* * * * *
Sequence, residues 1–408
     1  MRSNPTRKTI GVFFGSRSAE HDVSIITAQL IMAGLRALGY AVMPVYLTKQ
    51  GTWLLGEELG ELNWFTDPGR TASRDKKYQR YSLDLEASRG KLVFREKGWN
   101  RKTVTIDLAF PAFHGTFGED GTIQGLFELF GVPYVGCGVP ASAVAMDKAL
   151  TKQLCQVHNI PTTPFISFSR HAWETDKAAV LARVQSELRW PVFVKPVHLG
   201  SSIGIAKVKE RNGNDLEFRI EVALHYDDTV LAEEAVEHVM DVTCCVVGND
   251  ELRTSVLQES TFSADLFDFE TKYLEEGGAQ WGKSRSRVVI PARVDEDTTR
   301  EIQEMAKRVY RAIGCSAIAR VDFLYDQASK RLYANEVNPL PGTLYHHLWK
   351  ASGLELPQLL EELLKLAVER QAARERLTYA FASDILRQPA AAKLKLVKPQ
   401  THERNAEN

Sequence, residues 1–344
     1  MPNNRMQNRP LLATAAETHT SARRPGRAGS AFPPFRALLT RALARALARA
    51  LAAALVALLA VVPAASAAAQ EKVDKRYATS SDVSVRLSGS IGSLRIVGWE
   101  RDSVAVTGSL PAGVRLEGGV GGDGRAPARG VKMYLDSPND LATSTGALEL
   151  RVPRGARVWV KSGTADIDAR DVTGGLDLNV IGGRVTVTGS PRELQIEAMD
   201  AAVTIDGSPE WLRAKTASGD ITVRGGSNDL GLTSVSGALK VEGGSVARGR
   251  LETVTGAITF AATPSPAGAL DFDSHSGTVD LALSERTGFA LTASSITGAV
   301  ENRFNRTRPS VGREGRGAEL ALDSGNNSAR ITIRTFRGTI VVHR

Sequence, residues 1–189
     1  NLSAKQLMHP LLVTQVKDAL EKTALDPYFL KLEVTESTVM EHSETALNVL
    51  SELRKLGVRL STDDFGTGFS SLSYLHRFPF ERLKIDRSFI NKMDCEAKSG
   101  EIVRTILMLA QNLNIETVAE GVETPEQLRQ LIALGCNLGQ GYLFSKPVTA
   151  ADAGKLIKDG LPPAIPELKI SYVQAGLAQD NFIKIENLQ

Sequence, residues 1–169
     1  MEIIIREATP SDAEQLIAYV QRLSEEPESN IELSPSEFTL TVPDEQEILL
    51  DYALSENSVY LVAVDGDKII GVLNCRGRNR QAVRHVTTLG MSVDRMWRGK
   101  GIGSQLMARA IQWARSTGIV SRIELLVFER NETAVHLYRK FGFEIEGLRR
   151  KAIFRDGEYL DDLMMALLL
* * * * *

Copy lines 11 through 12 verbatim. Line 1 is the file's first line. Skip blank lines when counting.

Sequence, residues 1–344
     1  MPNNRMQNRP LLATAAETHT SARRPGRAGS AFPPFRALLT RALARALARA